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3 Most Famous Roofing Materials You Can
Consider for Your New Roof

New Roof

Getting a new roof installed can seem like a hectic task deciding on material from shingle to steel, you have to choose a roofer which also depends on the type of roof you selected, for example, if you have selected a shingle roof, you will need to find best shingle roofers. The tale doesn't end here, the most important factor is budgeting, which is directly related to the quality.

The quality of your roof is the most imperative feature of your home. The quality of material and roofing service will decide that how much time your mighty roof will survive the extreme conditions of the weather and environment. As written above, there hundreds of types of roofing material to choose from, and a little research might motivate you to examine a new type of roof rather than just replacing the same material you have as your roof.

Picking the right roofing material requires you to weigh the issues of features, looks, long-life, budget, and of course quality. Here are three of the best and most famous roofing materials to view when the time comes to replace your roof.

Asphalt Shingles Roof

You might think asphalt shingles are made entirely of asphalt, but actually, they are not most of the time. These are finished from a range of raw materials. Each manufacturer will have a unique blend of these materials. Most asphalt shingles are made from limestone crushed into a very fine powder. This powder is then mixed with the asphalt to create a filler layer. Huge fiberglass mats are fed into a liner where the filled liner is applied. The filled liner is heated to nearly 400 degrees Fahrenheit and is added to the top and bottom of the fiberglass mat. Asphalt shingles are the most popular type of roof for homes in the United States. It is estimated that over eight two percent of residential roofs are made from asphalt shingles. The average installation cost is four thousand seven hundred to eight thousand dollars.

Pros:

  • These shingles are thicker than architectural shingles and offer the highest possible weather resistance in the asphalt roofing product category.
  • Fiberglass material shingles provide good fire protection.
  • Looks amazing in most house styles.

Cons:

  • Cheaper quality asphalt shingles, such as strip shingles, can last twelve to sixteen years in very hot climates.
  • Rapid temperature changes can cause asphalt shingles to crack untimely.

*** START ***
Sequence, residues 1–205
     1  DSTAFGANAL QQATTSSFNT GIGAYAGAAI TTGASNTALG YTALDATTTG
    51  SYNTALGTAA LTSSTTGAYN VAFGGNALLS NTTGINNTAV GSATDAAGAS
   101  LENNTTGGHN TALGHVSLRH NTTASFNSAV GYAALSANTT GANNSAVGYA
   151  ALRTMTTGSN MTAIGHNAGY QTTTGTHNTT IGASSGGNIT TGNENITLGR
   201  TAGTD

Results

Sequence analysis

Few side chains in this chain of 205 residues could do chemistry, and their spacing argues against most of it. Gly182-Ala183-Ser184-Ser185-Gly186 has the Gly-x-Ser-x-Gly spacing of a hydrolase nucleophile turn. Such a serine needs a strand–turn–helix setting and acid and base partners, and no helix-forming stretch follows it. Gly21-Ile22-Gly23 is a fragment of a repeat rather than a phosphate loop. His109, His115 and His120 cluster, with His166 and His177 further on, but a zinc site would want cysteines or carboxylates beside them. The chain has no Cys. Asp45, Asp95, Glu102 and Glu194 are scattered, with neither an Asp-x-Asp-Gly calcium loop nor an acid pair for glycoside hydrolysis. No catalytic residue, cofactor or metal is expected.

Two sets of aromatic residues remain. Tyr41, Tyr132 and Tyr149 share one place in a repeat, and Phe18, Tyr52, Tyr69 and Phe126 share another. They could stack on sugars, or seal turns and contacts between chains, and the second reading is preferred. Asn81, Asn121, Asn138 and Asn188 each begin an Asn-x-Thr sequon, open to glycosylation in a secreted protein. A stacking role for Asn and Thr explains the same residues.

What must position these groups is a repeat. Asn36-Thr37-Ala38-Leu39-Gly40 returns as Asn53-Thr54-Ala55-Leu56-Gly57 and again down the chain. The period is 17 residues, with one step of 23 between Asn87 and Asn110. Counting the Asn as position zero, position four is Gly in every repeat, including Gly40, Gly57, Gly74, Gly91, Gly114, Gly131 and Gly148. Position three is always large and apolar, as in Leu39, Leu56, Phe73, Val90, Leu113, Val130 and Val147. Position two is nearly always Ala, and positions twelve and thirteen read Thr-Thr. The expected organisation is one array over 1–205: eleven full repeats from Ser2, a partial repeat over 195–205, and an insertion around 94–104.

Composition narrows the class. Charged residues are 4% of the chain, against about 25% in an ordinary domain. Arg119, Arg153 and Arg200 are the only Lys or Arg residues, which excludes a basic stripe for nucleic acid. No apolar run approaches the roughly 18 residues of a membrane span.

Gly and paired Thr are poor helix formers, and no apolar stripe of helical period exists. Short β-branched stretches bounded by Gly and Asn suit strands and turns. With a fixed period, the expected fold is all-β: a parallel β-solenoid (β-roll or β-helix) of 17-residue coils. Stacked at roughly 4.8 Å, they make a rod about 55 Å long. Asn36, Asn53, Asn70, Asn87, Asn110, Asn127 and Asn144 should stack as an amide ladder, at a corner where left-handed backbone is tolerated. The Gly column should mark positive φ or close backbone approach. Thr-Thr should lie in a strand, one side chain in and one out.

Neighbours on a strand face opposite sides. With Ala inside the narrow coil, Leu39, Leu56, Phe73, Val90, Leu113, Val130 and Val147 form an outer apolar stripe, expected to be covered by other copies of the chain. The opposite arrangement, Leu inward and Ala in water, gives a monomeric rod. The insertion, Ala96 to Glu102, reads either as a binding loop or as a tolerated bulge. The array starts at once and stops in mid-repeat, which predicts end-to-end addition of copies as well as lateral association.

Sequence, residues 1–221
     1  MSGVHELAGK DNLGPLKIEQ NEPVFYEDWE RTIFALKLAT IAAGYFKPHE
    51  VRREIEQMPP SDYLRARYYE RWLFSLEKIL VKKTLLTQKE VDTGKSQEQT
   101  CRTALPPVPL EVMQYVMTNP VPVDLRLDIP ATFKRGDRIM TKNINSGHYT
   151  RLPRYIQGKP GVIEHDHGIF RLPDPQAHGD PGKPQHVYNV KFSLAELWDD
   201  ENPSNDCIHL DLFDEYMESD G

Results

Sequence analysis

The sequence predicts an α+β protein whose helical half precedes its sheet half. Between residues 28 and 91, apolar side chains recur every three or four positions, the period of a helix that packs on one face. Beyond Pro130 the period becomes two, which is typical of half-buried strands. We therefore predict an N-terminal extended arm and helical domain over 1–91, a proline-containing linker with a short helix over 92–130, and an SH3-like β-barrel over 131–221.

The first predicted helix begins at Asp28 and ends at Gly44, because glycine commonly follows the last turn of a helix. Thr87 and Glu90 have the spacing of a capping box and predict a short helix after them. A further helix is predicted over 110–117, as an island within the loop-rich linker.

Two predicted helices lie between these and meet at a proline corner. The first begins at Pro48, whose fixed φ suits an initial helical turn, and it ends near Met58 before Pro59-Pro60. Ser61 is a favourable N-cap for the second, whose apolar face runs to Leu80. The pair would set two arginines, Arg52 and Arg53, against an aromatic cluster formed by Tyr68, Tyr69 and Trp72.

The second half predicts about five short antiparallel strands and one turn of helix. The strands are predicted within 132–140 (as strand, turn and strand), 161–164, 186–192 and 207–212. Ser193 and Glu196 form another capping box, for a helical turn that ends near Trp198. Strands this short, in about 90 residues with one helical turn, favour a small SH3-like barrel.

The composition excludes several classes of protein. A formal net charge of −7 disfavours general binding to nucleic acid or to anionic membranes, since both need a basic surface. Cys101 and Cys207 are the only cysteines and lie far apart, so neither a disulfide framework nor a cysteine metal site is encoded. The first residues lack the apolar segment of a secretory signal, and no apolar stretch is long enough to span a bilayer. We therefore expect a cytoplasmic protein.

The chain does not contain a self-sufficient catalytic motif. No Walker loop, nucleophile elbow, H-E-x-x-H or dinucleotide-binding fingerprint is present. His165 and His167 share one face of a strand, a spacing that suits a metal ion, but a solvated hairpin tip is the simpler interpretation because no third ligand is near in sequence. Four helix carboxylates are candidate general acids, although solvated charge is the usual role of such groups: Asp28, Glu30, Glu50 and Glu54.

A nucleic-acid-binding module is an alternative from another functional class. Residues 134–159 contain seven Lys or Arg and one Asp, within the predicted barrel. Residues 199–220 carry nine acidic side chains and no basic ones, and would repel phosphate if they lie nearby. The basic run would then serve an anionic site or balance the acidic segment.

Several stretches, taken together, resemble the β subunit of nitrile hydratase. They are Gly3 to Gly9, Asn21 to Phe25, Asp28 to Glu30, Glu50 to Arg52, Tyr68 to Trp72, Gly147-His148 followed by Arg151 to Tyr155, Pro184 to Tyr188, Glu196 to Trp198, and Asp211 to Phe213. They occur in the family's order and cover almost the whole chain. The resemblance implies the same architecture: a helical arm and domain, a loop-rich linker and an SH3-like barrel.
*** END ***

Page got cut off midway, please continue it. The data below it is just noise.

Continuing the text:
• A poorly ventilated attic will trap heat and dramatically shorten life.

Metal Roof

It is also a popular type of roof after asphalt shingles, especially in areas prone to forest fire danger. Metal roofs with vertical joints are made of large steel panels placed on the roof terrace with overlapping joints on raised ridges that run vertically forward the roof slope. The metals used are usually steel or aluminum, although copper and zinc are also used. These roofs are literally maintenance-free and much more durable than any other roofing material. However, they are not suitable for DIY installation and you will need to call residential roofing companies. Metal has seen a recent upsurge led by the demand for durability, green roofs, and the introduction of new styles have increased the fame of metal roofs. Metal roofs can also be made from recycled materials and can be recycled when replaced. Absorbs a third less heat than asphalt.

Pros:

  • Metal is a lifetime roofing material claiming up to 100-year roofing durability with forty to seventy-year warranties.
  • Can be installed quickly
  • Metal roofs have a very long lifespan, so you can trust their durability.

Cons:

  • Metal Roofs are expensive.
  • Can resist powerful winds.

Clay Tile

Clay tiles are made from ground clays molded into rolled or nested shapes and fired for hardness. It is often left finished, with the distinctive orange-ish color or it can be colored and fired to form ceramic tiles. These tiles are a very good roofing material for hot climates or where there is salty air, which is why these roofs are so often seen in southern coastal areas or desert areas. They are not susceptible to moisture, rot, and mildew and can remain leak-free with proper installation. Tiles are available in various beautiful shapes, such as curved, flat/interlocking, or ribbed. Typical color options are tiles are limited and often come in three yellow, red, and brown. But you can paint clay tiles in the color that you want.

Pros:

  • Clay Tiles are fire and insect resistant.
  • The rich aesthetic of the tiles enhances the looks.
  • Tiles come in a good variety of colors, styles, and textures.

Cons:

  • Tiles are heavier than most roofing materials out there and some require added structural support which can cost a lot.
  • The cost of tiles is higher than that of asphalt, metal, and other types of roofing materials.

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